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Chemical synthesis

A chemical synthesis is a process of creating a chemical compound through a series of physical and chemical manipulations usually involving one or more chemical reactions. In modern laboratory usage, this tends to imply that the process is reproducible, reliable, and established to work in multiple laboratories (because, in the bad old days of chemical publication, it was not unheard of for someone to publish a synthetic pathway and "accidently" leave out a step).

A chemical synthesis usually involves the use of compounds that are known as reagents. The desired compound produced is called the product. The amount of product in such a synthesis is the yield. Typically yields are expressed as a weight in grams or as a percentage of the total theoretical quantity of product that could be produced.

Synthesis describes a direct combination reaction, in which two or more reactants[?] combine to form a single product. The general form of a direct combination reaction is:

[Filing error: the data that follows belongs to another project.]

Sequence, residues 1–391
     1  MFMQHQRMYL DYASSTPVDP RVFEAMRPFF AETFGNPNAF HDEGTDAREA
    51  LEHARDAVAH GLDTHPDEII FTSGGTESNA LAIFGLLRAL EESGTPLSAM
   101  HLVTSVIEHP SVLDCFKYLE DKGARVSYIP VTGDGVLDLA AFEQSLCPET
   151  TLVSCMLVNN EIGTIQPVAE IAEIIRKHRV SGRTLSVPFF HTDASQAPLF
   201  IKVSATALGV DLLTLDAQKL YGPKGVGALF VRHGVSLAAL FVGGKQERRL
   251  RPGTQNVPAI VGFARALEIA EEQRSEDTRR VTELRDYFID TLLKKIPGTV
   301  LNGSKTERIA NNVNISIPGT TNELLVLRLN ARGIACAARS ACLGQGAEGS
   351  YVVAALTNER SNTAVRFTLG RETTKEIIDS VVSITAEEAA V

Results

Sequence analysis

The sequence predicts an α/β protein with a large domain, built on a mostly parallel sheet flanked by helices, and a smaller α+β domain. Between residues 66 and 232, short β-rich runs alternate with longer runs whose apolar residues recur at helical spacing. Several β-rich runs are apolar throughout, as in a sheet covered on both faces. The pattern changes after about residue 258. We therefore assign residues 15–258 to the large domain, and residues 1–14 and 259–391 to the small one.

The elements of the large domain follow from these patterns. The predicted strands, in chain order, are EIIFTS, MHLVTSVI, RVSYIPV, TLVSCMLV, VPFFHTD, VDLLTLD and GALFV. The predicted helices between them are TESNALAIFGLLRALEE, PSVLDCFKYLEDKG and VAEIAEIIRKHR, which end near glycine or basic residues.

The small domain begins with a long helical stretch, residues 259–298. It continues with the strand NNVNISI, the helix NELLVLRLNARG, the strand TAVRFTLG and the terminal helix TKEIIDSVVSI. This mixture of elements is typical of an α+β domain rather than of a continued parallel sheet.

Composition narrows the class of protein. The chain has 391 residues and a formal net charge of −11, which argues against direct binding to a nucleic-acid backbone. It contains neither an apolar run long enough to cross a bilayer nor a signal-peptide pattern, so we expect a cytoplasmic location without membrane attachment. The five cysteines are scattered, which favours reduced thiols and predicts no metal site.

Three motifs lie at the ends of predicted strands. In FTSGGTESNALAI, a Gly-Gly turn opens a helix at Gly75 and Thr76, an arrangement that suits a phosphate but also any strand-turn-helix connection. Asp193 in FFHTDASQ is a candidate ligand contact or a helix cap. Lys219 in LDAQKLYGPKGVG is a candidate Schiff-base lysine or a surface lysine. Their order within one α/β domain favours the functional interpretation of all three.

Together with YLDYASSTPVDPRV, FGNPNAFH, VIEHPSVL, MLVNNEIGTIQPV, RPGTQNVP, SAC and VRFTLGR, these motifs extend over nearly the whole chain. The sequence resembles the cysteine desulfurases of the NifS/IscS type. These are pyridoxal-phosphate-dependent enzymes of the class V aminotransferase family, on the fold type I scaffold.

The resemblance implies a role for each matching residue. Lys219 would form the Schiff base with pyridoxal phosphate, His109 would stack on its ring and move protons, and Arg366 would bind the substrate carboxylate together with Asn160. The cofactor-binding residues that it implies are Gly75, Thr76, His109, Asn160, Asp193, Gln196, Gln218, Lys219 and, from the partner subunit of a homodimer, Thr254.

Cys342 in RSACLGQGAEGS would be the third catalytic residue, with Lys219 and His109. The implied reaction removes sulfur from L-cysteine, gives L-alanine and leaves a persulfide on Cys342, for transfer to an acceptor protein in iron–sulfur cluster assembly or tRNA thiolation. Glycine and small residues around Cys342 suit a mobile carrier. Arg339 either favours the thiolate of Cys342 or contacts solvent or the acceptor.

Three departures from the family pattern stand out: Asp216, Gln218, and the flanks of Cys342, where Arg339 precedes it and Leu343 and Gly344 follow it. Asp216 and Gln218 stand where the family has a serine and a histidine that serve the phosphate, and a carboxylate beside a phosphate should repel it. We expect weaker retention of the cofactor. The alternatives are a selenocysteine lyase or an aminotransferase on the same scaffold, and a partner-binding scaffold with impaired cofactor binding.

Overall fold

A + B -> AB
where A and B are elements or compounds, and AB is a compound consisting of A and B. The single product is always more complex than either of the reactants. Examples of synthesis reactions include:

2Na + Cl2 -> 2 NaCl (formation of table salt)
S + O2 -> SO2 (formation of sulfur dioxide)
4 Fe + 3 O2 -> 2 Fe2O3 (iron rusting)
CO2 + H2O -> H2CO3 (carbon dioxide dissolving into water to form carbonic acid)

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... (33%), Daimler-Benz (33%), Alenia[?] of Italy (21%), and CASA of Spain (13%). Over the next five years, design work continued, aided by data from the British Aerospace ...

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